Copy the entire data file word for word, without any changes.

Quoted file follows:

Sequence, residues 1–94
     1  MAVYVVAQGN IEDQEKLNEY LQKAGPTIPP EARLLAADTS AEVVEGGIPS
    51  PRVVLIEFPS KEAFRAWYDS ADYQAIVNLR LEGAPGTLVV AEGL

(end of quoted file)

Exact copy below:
Sequence, residues 1–94
     1  MAVYVVAQGN IEDQEKLNEY LQKAGPTIPP EARLLAADTS AEVVEGGIPS
    51  PRVVLIEFPS KEAFRAWYDS ADYQAIVNLR LEGAPGTLVV AEGL